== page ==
They filed in, one by one: Men who warmly hugged Rachel Lindsay, The Bachelorette’s latest star; men who politely kissed her; men who were awkward; men who were charming; men who were in possession of jaws that were shockingly square. One of them, a singer-songwriter, strode across the perma-wet driveway of the Bachelor mansion playing a guitar and balladeering. Another came armed with a megaphone and a catchphrase (“Whaboom!”). Another came playing drums, accompanied by a full marching band. Another came dressed as a penguin (since, he explained, they “mate for life”). And one of the men, Adam, came with a dummy—a literal one, to be clear: a stuffed doll, about three feet tall, his facial features drawn on, his wig brown, his suit blue. His name? Adam Junior.
“AJ,” as the doll would soon be nicknamed by the show, its contestants, and its viewers, was meant to resemble Adam, a 27-year-old real-estate agent from Dallas and a guy who, in his pre-show questionnaire, described his favorite actor as Jennifer Lawrence (“because she is every girl’s goal”) and the most romantic gift he’d ever received as a threesome (“it was my birthday”).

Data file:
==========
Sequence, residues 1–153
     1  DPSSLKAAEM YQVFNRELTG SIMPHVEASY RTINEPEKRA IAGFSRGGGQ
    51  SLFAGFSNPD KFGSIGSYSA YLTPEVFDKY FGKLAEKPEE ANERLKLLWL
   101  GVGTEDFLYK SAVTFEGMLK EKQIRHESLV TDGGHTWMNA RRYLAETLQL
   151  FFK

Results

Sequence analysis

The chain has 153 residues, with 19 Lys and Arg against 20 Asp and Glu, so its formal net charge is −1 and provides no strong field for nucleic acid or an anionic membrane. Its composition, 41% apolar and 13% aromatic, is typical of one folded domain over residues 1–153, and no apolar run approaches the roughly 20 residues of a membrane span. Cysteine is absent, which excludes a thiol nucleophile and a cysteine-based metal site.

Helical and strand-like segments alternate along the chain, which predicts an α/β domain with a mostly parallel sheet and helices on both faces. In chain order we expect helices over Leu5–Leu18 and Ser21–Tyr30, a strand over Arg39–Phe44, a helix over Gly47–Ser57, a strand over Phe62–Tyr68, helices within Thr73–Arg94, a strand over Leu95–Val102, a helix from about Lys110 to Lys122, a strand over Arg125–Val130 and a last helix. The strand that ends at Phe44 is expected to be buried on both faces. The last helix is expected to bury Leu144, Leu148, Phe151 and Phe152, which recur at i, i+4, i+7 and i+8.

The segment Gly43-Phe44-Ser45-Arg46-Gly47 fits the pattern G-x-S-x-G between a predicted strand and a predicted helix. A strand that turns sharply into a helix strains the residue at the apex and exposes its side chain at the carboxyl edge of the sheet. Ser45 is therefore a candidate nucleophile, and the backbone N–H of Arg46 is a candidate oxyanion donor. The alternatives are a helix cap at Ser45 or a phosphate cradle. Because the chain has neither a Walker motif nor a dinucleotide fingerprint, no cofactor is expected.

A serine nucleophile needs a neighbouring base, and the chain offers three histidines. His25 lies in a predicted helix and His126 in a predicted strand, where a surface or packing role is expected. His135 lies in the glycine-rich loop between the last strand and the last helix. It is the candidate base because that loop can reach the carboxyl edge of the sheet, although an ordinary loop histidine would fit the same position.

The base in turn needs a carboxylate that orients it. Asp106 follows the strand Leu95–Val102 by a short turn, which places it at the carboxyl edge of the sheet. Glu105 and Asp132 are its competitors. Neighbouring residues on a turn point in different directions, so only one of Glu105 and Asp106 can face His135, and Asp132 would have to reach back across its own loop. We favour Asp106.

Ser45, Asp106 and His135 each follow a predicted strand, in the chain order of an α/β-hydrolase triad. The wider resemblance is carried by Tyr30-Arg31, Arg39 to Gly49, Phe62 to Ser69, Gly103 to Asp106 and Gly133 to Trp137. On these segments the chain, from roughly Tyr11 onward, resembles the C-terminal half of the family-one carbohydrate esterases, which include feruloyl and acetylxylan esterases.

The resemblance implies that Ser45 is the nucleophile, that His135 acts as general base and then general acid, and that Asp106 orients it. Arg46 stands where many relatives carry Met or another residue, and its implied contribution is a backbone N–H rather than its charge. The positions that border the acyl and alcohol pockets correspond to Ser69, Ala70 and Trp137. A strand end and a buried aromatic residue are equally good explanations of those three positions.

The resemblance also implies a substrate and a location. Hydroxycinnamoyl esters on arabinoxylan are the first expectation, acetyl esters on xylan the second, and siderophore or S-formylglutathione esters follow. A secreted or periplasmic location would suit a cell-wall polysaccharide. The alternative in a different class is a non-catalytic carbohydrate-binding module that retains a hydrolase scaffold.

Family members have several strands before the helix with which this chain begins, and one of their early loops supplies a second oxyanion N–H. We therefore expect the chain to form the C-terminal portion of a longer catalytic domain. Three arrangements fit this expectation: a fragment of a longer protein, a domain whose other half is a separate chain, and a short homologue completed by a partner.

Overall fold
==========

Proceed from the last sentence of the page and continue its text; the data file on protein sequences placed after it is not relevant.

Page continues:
While Adam, for the most part, blended in with the other square-jaws vying for Rachel’s heart, Adam Junior quickly became the Bachelorette premiere’s guest star—and, in that, he made a show that is known largely for its tongue-in-cheek take on “reality” more directly surreal than it has ever been before. The frozen-faced dummy got more air time than Adam, and indeed more than any of the human guys Rachel met. He got his own theme music (Gothic organs mixed with bomchikawahwah synths). And he got his own plot line, too: AJ, silently pining for Rachel. AJ, whose love is deep and pure and impossible. AJ, the Montague to Rachel’s Capulet, his feelings destined to remain unrequited on account of him being made of upholstery.